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Journal of Tropical Medicine
Volume 2011 (2011), Article ID 690286, 6 pages
http://dx.doi.org/10.1155/2011/690286
Research Article

Specific Viruses Detected in Nigerian Children in Association with Acute Respiratory Disease

1Viral Infections Unit, Department of Vaccination and Immune Protection, National Institute for Health and Welfare (THL), Helsinki, Finland
2Intestinal Viruses Unit, Department of Infectious Disease Surveillance and Control, National Institute for Health and Welfare (THL), Helsinki, Finland
3Department of Medical Microbiology and Parasitology, Obafemi Awolowo College of Health Science, Olabisi Onabanjo University, Shagamu, Ogun State, Nigeria
4Department of Virology, College of Medicine, University of Ibadan, Ibadan, Oyo State, Nigeria

Received 23 March 2011; Revised 14 May 2011; Accepted 6 July 2011

Academic Editor: Lawrence Okoror

Copyright © 2011 Oluwabukola M. Akinloye et al. This is an open access article distributed under the Creative Commons Attribution License, which permits unrestricted use, distribution, and reproduction in any medium, provided the original work is properly cited.

Abstract

Occurrence of different viruses in acute respiratory tract infections of Nigerian children was examined. Respiratory swabs were collected from 246 children referred to hospital clinics because of acute respiratory symptoms from February through May 2009. Validated real-time RT-PCR techniques revealed nucleic acids of at least one virus group in 189 specimens (77%). Human rhinoviruses and parainfluenza viruses were present each in one third of the children. Adenoviruses, enteroviruses, human metapneumovirus, human bocavirus, and influenza C virus were also relatively common. Possibly due to their seasonal occurrence, influenza A and B virus, and respiratory syncytial virus were detected rarely. We conclude that all major groups of respiratory tract viruses are causing illness in Nigerian children.

1. Introduction

Wide range of viruses is known to be associated with respiratory disease in humans. Adenoviruses, coronaviruses, human enteroviruses (HEV), human rhinoviruses (HRV), influenza viruses, parainfluenza viruses (PIV), and respiratory syncytial viruses (RSV) are well-known causes of acute respiratory tract infections (ARTI) in both industrialized and developing countries. Over the last decade, modern molecular techniques have led to the discovery of several previously unknown respiratory tract viruses, including human metapneumovirus (hMPV) [1], two new human coronavirus types [2, 3], human bocavirus (HBoV) [4], and two new human polyomaviruses [5, 6]. The significance of these novel viruses has been reviewed recently [7, 8].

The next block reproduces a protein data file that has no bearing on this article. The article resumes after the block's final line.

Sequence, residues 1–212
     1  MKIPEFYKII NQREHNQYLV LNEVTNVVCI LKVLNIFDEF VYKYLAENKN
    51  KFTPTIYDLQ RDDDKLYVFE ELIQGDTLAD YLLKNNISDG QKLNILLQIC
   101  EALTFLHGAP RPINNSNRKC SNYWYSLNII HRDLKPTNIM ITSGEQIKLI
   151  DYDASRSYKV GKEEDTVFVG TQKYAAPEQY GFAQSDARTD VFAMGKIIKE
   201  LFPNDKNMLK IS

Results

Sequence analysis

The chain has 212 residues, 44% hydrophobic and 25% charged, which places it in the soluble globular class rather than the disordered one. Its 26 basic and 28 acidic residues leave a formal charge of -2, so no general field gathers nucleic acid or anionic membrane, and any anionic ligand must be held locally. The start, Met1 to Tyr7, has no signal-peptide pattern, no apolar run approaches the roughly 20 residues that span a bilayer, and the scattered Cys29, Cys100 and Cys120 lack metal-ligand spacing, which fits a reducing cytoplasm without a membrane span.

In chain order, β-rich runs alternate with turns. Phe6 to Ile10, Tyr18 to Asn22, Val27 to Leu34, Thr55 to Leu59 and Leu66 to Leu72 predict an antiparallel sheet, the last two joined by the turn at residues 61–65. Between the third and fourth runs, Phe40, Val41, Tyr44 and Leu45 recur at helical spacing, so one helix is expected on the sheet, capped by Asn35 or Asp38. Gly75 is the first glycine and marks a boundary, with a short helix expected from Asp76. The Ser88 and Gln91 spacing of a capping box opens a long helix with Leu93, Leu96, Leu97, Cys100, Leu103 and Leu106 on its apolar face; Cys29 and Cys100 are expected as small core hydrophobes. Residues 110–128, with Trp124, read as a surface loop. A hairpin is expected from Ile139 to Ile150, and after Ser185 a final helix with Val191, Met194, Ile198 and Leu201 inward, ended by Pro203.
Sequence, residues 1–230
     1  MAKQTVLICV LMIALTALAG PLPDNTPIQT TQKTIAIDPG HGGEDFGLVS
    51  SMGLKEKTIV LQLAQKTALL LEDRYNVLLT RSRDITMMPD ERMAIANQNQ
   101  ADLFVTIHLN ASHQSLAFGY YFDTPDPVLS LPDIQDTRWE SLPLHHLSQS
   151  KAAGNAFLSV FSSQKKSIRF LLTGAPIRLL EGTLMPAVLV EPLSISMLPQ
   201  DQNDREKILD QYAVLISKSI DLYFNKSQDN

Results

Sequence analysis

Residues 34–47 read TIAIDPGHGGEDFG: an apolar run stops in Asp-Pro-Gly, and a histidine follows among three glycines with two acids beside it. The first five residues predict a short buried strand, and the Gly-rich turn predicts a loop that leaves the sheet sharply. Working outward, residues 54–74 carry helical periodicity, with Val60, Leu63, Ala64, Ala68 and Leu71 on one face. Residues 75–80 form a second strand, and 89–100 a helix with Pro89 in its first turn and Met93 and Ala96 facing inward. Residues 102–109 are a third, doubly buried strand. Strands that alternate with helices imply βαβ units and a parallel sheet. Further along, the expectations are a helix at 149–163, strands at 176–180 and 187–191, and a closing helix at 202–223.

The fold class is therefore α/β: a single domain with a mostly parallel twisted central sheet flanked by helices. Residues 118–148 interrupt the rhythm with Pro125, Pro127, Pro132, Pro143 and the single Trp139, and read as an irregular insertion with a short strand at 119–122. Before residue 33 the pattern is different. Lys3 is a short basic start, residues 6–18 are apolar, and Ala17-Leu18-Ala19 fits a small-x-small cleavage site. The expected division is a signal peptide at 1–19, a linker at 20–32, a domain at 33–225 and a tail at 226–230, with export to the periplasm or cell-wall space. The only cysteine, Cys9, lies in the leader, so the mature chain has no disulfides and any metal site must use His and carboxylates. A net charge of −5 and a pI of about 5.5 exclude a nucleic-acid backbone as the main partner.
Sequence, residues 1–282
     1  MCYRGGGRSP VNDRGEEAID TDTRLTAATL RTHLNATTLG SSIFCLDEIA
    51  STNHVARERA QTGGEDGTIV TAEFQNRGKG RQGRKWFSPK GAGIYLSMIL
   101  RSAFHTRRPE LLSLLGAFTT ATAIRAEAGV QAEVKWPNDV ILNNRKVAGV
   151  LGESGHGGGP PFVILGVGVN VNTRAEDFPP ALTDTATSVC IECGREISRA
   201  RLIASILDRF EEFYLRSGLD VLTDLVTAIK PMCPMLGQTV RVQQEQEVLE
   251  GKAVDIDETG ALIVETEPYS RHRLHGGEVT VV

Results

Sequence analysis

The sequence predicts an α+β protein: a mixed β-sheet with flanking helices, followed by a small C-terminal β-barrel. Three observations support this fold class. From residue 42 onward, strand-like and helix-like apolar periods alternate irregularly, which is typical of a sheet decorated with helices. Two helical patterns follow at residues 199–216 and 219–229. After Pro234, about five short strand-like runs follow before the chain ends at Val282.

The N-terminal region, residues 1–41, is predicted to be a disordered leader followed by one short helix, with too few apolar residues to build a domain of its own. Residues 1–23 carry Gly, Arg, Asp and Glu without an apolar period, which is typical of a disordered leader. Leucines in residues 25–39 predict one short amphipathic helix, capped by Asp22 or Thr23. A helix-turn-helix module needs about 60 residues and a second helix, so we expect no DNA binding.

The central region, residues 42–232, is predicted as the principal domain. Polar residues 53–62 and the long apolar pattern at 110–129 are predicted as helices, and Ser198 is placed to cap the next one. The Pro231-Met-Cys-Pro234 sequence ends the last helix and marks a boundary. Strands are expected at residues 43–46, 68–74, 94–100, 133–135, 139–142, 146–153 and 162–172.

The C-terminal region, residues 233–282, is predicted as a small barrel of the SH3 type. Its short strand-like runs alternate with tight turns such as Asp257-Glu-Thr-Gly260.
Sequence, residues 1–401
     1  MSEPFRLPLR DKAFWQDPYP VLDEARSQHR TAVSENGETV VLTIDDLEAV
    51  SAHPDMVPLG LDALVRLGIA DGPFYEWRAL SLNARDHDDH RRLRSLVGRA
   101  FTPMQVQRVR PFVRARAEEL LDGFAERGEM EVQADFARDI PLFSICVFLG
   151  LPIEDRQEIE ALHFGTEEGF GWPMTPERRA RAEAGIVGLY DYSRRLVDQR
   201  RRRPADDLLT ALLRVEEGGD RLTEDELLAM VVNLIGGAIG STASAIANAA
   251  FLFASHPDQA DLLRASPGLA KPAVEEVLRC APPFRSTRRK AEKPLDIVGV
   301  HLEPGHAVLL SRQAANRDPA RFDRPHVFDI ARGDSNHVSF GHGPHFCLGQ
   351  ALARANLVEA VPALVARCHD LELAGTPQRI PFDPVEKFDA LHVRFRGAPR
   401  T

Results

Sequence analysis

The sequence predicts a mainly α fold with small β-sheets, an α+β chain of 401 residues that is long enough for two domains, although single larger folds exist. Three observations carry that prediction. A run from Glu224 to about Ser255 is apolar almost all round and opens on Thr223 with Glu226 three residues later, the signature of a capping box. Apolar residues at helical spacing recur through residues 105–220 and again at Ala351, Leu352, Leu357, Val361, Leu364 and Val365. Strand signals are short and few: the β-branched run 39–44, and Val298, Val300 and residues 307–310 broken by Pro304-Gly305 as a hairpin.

It is widely accepted that common cold is almost always caused by viruses, most frequently by HRV [9], and viral infections are considered to contribute to the generation of complications of common cold, such as acute otitis media and sinusitis. Moreover, different viruses, including influenza viruses and RSV, are also frequently detected in samples obtained from patients with lower respiratory tract infection (LRTI), either alone or together with pathogenic bacteria. Several recent reports, including some from Africa, suggest viruses as potential etiologic agents in pneumonia in children [1013], or exacerbations of asthma [1416].

Several studies underscore the importance of respiratory tract viruses in Nigerian patients, but these studies were carried out before the introduction of modern molecular diagnostic techniques [14, 1719]. The present study was designed to identify viral agents associated with respiratory infections among young children in Nigeria using modern, validated molecular techniques. We wanted to explore the presence of different virus groups, including some of the newer ones detected by only molecular techniques.

2. Materials and Methods

2.1. Patients and Specimens

The study was approved by the Ethical Committee of the Oyo State Ministry of Health. Participation of children in the study was voluntary and required informed consent from the parents. Inclusion criteria were recent onset of symptoms suggestive for respiratory tract infection, such as cough, coryza, repeated sneezing, and/or difficulty in breathing. Patients were recruited between February and May, 2009, and included hospitalized patients, children seen at emergency departments, and outpatient clinics at 3 different children’s hospitals in Ibadan, Oyo state. Demographic and clinical information, including age, sex and clinical symptoms, was recorded during the medical visit by means of a structured questionnaire.